The set of standards used for drawing and dimensioning your parts in SOLIDWORKS is known as the Drawing Template, similar to Part and Assembly templates. SOLIDWORKS drawings consist of two distinct layers, the sheet and sheet format. These both make up the drawing template. In addition, any changes you’ve made to the Document Properties will also carry over to the drawing template once that template is saved. The drawing template, sheet and sheet format all combine to make up the drawing file (*.slddrw). In this blog article, we show you how to set up your Drawing template.
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Did you know that Web2 allows users to stay connected to their PDM vault from anywhere where there’s an Internet connection? Web2 has been around for several years, but not many people are familiar with its features.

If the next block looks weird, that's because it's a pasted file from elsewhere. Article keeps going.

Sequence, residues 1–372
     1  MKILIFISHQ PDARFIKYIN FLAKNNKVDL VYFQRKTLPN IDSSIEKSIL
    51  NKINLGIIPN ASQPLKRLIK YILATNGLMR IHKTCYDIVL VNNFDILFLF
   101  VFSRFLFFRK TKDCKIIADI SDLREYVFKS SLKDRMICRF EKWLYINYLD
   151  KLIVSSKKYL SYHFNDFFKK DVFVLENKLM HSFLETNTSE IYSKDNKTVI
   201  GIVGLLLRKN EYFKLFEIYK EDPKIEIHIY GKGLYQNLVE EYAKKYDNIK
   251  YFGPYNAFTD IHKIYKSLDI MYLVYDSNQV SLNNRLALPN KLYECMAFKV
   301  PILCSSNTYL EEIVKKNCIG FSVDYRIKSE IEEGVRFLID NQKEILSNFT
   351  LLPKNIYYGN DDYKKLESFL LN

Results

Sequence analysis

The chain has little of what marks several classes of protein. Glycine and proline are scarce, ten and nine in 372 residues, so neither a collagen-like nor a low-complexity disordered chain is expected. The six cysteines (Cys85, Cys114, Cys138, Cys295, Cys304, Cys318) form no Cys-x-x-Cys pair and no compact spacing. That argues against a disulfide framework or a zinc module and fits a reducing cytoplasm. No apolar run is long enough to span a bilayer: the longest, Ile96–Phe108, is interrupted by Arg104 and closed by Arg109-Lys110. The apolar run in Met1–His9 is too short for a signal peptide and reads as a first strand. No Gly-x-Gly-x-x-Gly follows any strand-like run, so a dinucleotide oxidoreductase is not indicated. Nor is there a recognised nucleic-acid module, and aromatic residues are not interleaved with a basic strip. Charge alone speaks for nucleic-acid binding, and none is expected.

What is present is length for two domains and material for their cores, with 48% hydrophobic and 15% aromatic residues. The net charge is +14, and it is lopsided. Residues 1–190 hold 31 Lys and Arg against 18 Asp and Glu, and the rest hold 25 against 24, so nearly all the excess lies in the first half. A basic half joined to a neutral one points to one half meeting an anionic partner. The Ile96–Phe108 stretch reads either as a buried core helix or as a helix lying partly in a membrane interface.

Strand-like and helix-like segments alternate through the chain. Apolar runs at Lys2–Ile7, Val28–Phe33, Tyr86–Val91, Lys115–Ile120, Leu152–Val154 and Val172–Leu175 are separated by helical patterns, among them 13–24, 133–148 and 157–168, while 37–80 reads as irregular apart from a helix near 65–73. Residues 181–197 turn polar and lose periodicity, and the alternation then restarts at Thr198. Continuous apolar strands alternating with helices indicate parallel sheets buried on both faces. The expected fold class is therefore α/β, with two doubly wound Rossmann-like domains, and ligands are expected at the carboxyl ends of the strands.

The Web2 Client offers a large and small format layout. The large format is designed for bigger devices, such as computers, and the small format is a condensed version of the interface aimed at devices such as tablets. Today we’ll cover the features of the Web2 large format layout.
As you probably already know, one of the new features in SOLIDWORKS 2017 is 3D Interconnect. Details on 3D Interconnect may be found in our previous blog, but in short, the new feature allows use of non-SOLIDWORKS CAD files. As a member of the Professional Services team, I was curious to see how this new feature interacts with SOLIDWORKS PDM.
Can you run SOLIDWORKS on a virtual machine? Yes! You absolutely can. This is a stark contrast to the past environment for SOLIDWORKS. In the past, SOLIDWORKS was explicitly not supported on virtual machines and there weren't any options to run a SOLIDWORKS product on a web browser either. Imagine that, a world where SOLIDWORKS couldn’t run on a virtual machine or in a web browser. But things have changed. So what’s different now? Let’s take a look back and learn from the past.